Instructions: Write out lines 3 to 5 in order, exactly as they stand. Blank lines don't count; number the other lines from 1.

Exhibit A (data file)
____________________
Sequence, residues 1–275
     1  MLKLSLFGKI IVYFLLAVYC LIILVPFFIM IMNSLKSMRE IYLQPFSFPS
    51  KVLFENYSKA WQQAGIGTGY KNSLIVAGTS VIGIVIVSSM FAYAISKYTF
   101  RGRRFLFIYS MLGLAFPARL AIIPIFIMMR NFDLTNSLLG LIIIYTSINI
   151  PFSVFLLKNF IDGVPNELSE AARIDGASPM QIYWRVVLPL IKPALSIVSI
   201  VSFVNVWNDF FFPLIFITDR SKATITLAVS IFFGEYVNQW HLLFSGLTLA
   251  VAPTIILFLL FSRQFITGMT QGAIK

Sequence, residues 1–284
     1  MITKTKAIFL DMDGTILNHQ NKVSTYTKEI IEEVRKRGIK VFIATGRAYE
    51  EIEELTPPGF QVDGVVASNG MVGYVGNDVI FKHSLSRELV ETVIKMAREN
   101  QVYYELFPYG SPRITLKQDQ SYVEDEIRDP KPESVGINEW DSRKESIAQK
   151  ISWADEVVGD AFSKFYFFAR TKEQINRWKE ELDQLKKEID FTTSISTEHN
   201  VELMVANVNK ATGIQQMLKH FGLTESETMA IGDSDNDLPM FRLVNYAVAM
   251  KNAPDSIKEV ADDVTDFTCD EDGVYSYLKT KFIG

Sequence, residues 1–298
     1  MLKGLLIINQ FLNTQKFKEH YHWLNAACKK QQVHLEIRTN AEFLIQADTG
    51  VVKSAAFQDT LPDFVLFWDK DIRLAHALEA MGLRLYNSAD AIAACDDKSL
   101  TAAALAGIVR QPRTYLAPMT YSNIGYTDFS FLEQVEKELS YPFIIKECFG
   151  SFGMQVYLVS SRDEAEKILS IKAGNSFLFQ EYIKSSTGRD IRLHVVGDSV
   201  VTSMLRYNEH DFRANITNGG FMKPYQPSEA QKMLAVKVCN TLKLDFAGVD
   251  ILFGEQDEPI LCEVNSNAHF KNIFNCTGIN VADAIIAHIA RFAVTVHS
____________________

    51  KVLFENYSKA WQQAGIGTGY KNSLIVAGTS VIGIVIVSSM FAYAISKYTF
   101  RGRRFLFIYS MLGLAFPARL AIIPIFIMMR NFDLTNSLLG LIIIYTSINI
   151  PFSVFLLKNF IDGVPNELSE AARIDGASPM QIYWRVVLPL IKPALSIVSI